mardi 13 décembre 2011

US / DRC: The Rev. William Sheppard and the scandal of the severed hands of the Congolese.

 
Born in Waynesboro, Virginia March 8, 1865, the black Presbyterian minister, William Sheppard studied at Hampton Institute and then at Tuscaloosa Theological Seminary (now Stillman College) in Alabama. It is devoted pastor in 1888.
        
In 1890 he was sent to Congo after being received in audience at the White House by U.S. President Benjamin Harrison (1833-1901) and in Laeken by King Leopold II (1835-1909).
        
On his arrival in Congo in 1890, he was received by the king of Bakuba, Kot aMbweeky. He appreciates the customs and cultural sophistication of the language and learn Bakuba Kuba. He received the Kuba king, the title of "Bope Mekape" and the nickname became common in the Congo "Mundele Ndombe (Black-White)."
        
In 1899 he discovered the drama "severed hands" and is a good description that shakes the American consciousness. In 1909, he was accused of slander by the Company Kasai dealer. During his trial in Leopoldville, which caused a stir in the American press, it is forbidden by the Belgian Socialist deputy, Mr. Emile Vandervelde (1855-1938).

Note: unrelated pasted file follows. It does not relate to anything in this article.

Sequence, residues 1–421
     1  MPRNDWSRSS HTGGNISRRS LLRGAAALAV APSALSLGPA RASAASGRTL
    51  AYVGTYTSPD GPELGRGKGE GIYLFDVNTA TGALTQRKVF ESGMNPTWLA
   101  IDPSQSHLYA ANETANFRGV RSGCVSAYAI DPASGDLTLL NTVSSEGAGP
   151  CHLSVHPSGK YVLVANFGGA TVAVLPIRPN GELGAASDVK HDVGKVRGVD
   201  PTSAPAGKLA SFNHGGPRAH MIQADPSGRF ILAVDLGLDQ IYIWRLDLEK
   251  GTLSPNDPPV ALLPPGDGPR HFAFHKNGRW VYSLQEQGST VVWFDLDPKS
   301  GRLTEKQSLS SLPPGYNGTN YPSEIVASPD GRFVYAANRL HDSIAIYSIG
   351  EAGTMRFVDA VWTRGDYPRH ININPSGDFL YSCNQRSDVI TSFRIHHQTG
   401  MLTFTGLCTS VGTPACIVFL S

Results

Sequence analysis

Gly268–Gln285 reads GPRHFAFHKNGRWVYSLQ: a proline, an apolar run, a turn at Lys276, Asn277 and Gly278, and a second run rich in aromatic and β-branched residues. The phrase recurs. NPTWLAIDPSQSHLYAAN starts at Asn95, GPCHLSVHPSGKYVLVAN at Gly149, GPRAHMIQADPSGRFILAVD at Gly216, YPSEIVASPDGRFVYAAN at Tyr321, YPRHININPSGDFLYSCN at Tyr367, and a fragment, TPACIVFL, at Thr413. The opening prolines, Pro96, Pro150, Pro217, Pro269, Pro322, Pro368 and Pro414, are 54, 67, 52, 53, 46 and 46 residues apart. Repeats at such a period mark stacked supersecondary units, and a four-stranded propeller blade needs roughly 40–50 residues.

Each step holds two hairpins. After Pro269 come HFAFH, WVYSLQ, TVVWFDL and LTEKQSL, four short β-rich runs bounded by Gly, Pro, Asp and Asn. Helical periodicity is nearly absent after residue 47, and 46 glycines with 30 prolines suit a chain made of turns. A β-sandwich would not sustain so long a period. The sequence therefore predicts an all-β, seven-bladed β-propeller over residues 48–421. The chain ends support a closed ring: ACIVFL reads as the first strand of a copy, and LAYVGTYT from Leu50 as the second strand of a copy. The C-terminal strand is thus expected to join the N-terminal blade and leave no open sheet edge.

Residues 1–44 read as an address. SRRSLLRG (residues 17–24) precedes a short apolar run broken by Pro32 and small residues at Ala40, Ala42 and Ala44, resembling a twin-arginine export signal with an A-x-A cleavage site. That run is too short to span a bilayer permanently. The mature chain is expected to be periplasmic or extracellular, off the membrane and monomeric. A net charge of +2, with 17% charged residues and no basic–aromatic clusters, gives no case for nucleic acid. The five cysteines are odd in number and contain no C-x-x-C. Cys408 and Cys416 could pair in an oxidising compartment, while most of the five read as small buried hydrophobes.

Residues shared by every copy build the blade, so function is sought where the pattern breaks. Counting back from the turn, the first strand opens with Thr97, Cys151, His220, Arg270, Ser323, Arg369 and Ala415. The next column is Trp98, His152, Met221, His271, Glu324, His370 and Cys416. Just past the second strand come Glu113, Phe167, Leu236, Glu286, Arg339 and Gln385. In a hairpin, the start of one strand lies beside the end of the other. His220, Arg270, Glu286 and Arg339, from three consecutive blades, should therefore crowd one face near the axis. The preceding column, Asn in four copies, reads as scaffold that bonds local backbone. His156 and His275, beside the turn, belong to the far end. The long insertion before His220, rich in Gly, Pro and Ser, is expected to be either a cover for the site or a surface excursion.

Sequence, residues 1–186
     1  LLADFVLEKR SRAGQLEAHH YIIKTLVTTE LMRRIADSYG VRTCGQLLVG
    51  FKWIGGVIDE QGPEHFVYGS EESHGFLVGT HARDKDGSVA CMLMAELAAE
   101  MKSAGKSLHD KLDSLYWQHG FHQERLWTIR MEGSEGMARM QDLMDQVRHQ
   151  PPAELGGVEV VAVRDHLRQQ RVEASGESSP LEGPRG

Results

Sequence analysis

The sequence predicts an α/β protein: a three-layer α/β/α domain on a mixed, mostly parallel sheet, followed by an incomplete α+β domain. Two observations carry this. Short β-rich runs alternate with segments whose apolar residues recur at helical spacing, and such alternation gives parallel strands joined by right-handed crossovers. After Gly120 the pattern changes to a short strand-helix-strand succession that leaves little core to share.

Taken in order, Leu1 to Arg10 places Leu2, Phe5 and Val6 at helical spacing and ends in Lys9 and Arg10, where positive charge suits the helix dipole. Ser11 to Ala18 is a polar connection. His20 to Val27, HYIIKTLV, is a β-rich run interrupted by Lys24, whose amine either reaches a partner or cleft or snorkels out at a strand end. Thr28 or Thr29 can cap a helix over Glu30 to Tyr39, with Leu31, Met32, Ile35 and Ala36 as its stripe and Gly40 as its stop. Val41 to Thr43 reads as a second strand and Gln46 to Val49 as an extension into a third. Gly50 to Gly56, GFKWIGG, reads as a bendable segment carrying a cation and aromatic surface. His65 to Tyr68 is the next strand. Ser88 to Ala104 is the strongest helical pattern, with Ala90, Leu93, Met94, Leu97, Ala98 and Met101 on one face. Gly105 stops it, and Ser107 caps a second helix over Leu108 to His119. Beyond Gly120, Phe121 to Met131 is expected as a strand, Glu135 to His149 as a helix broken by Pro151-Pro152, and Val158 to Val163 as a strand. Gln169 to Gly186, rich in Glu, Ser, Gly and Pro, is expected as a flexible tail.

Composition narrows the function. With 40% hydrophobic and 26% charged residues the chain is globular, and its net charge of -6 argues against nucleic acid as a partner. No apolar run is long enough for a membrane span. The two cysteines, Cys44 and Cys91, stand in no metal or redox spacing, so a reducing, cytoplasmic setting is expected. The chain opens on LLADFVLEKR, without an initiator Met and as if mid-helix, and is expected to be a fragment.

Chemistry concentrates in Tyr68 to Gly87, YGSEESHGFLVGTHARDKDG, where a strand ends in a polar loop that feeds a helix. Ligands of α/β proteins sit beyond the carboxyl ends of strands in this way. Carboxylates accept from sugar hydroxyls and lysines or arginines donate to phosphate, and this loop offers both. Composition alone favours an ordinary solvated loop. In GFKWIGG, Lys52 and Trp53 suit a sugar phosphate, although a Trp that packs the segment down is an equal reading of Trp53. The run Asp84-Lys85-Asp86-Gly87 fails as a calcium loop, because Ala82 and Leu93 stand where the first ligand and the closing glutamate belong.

The trial resulted in his acquittal. Annoyed, he gave up his mission in the Congo in 1910 and returned permanently in Louisville, Kansas where he died November 25, 1927.
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For more details: I. KANYARWUNGA N. Jean, République Démocratique du Congo. Les Générations condamnées. Déliquescence d’un état précapitaliste (DRC. Generations convicted. A Failed a pre-capitalist state), Publibook, Paris, 2006.

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